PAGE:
Celiac Disease Awareness Month / by Brenda (Hartshorn) Licitra

I watched a recent Daily Show where John was poking fun at Former President George W. Bush for painting his feet in the bathtub.  "Hey," I thought, "there's nothing wrong with that. I've done that as a study too." Not all art has to have some deep philosophical statement.  Artist need to practice their craft to get better.  In fact, I like "Every Day Life" images, or as we called them at Brooks: EDLs.  From what I have seen online of the Former President’s artwork, I've actually been impressed by his painterly use of the materials.  Although Bush doesn't seem like a very deep person, I'm sure there is probably some sort of reason he chose to do the bathroom study.  I'm almost curious why he chose to paint his feet as well. For me it was a combination of reasons for picking the subject:

  1. Some people may find this hard to believe because I’m incredibly outspoken today, but I used to be extremely introverted.  My feet were a place I was constantly retreated to in uncomfortable situations
  2. I think the quote from Forrest Gump about being able to tell a lot about a person by their shoes is very true
  3. At the time that I had done this study, I'd had problems with my legs and joints for as long as I could remember.

Gluten Free Freed Me

Gluten free may be a fad for some people, but it is a hard reality for others.  Today, I thankfully do not suffer from the same kind of joint problems I use to after going gluten free 2 1/2 years ago. For over 20 years my parents kept the knowledge that I had an autoimmune disorder from me.  I knew I had certain issues and that there was something wrong with me, but after 3 years of testing (5 to 8 years old), I was ok with accepting that, ”this was my normal.”  I didn't want to be a lab rat and have to repeatedly go back for painful, scary, and inconclusive blood tests. Medical advances with new blood tests were thankfully available right in time for when I started putting more Whole Wheat in my diet.  My health plummeted and I finally diagnosed with having celiac disease.

I feel great now and even feel like a completely new person.  I try to educate people as much as I can about it without coming across as too annoying.  It’s important because so many people are suffering from the disease in the US because it is a hard disease to diagnose.  It is a common problem in Scotland and the Scandinavian countries.  Judging by their stats and applying those to how many people with that heritage are in the US, we can get a pretty good idea that there are 3 million people in the US who have it.  Unfortunately, only 14% of those 3 million have been diagnosed.

People often ask me what the symptoms are because they have one problem or another, but then after learning the extent of the diet change and not wanting to deal with it, they say, "Well... I don't have all of those problems.  I just one." They decided that they would rather not get the $10 blood test to find out because it would mean committing to a diet and lifestyle they didn't want to deal with.  This amazes me that people would rather live in pain than learn to live without gluten if that might be their problem.  It is possible to only show one of the symptoms.  I've met an old man who only suffers from arthritis like joint pain in his hands.  He occasionally sneak in a Reuben sandwich because he just can't help himself.  He then puts up with the fact he can’t move his hands for days.  When Celiacs do this to themselves, they get grouped into the statistic that makes them patients with an increased risk for getting lymphoma.  It's simple when you're sick, your lymph nodes swell and regularly abusing this increases the chances that those cells will mutate later.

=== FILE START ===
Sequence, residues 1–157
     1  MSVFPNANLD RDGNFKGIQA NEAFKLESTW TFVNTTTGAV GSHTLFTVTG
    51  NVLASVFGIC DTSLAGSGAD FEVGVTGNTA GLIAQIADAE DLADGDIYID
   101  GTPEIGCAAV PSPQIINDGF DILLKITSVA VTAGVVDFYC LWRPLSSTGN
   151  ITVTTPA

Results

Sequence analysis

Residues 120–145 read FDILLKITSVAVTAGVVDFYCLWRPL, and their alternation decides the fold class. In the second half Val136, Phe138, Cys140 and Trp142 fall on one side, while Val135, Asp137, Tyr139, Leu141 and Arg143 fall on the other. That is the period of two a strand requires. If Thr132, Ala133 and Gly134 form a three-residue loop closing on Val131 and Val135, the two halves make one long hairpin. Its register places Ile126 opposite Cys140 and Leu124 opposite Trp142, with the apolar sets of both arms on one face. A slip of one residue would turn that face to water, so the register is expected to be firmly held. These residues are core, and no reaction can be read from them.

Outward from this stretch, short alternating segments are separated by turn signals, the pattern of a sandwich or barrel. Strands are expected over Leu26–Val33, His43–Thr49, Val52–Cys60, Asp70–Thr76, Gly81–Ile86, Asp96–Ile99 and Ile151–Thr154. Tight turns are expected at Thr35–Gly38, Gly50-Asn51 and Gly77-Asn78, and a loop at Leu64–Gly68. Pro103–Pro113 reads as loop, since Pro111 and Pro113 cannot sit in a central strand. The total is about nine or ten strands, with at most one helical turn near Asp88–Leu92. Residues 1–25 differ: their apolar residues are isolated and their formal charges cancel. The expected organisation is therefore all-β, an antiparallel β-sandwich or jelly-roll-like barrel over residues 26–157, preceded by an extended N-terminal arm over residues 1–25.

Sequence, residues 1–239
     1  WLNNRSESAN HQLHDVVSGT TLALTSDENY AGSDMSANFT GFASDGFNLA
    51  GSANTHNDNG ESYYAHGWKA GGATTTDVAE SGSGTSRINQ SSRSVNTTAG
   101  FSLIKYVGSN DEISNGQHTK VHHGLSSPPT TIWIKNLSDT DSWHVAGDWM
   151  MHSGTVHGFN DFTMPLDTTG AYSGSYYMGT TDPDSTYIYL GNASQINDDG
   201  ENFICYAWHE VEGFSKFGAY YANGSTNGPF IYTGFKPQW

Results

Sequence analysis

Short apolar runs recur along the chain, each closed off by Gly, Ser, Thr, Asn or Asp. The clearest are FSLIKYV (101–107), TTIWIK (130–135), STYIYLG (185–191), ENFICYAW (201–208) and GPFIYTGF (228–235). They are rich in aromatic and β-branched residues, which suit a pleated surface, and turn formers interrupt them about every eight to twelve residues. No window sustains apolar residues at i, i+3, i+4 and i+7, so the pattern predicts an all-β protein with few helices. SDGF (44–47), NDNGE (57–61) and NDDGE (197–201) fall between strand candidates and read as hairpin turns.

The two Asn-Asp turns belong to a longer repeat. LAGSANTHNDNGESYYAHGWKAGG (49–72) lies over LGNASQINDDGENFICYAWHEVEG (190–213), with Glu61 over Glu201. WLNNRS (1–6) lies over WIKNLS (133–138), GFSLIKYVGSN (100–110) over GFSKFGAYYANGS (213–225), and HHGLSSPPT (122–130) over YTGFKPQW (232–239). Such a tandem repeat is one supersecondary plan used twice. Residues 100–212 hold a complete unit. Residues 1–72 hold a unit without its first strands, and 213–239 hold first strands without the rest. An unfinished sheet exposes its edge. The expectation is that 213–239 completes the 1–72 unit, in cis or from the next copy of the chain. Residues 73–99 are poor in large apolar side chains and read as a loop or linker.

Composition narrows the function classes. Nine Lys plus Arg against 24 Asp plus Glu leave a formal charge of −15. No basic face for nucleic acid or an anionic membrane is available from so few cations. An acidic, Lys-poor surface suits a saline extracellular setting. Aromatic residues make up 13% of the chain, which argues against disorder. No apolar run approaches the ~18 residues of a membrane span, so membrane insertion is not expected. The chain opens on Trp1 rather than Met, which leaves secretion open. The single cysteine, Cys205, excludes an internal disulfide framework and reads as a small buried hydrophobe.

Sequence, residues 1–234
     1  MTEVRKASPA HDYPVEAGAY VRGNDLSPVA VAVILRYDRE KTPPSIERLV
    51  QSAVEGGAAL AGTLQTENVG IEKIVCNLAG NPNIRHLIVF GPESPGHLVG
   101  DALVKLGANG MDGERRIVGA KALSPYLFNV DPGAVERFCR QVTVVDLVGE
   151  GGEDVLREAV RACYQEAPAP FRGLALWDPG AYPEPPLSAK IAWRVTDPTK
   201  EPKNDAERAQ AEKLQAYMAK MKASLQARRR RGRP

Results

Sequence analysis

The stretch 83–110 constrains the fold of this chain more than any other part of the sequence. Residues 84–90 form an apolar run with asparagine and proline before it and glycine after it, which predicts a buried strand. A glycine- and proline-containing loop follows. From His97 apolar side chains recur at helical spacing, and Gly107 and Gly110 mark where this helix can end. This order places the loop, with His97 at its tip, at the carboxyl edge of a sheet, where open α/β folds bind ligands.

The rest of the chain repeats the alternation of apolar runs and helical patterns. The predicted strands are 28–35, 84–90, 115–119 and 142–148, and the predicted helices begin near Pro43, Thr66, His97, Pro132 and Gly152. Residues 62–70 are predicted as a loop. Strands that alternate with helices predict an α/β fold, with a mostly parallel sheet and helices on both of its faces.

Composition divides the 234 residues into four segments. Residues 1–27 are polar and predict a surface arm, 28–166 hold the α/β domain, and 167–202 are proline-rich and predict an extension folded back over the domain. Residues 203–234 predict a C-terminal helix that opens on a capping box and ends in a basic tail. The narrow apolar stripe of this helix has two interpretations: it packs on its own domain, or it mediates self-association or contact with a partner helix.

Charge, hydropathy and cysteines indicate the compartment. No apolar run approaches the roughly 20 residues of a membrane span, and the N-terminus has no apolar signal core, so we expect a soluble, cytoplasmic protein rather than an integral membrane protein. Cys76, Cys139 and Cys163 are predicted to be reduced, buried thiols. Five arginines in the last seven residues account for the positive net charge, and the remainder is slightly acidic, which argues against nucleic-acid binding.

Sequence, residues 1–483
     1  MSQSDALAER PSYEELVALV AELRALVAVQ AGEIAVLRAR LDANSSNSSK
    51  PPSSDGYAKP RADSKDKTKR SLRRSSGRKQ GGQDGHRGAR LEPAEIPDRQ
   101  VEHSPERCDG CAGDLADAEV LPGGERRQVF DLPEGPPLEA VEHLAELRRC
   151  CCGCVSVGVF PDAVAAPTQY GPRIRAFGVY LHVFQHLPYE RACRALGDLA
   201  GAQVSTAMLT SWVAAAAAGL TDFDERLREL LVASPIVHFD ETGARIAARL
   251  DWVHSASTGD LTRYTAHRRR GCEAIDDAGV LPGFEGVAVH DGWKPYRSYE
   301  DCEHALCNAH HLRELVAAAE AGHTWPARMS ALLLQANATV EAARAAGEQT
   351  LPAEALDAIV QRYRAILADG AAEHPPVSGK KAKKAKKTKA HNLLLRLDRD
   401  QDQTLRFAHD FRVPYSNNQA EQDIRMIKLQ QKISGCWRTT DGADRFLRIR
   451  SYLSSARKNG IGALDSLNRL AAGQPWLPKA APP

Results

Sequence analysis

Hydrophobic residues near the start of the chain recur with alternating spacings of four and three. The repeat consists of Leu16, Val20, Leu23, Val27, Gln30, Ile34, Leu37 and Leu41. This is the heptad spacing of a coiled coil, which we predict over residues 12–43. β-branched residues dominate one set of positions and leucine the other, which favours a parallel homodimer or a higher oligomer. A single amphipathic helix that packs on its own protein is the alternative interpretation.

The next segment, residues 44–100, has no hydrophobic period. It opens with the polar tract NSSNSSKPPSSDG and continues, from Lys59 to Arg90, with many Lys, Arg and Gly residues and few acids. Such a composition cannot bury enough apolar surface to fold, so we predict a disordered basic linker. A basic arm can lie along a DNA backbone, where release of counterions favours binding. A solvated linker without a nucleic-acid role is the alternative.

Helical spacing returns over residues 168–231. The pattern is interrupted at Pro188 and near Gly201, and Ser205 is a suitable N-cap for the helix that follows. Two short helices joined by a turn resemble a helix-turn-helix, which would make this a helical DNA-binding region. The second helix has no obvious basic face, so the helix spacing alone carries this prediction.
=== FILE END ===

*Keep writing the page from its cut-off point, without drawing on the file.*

I will never be able to occasionally sneak a Reuben sandwich in my case because of my low tolerance level to gluten- but it is for the best, because I don’t want lymphoma.  I think the confusing thing is that some people are more sensitive than others.  My theory is that those who don’t seem as sensitive actually haven’t cut 100% of the gluten out of their diet; so when they do get gluten contamination, their bodies are not releasing as much of the antibodies at one time since there is already some present.  At a surface level, you would think- well don’t go 100% gluten free and you won’t get as severely sick.  But then you have to remember that you will be probably still have one or more of the following problems:

  • Abdominal bloating

  • Anemia

  • Canker sores

  • Diarrhea

  • Fatigue

  • Growth problems in children

  • Headaches

  • Inflammation

  • Joint pain

  • Miscarriages

  • Seizures

  • Tingling in legs from nerve damage

If that wasn't enough, a celiac who does not follow their diet also increases their risk for other autoimmune disease, including: Thyroid disease, Type 1 diabetes, Lupus, Rheumatoid arthritis, and Sjögren's syndrome.  See more information on WebMD, the Celiac Awareness page, and Celiac Support page.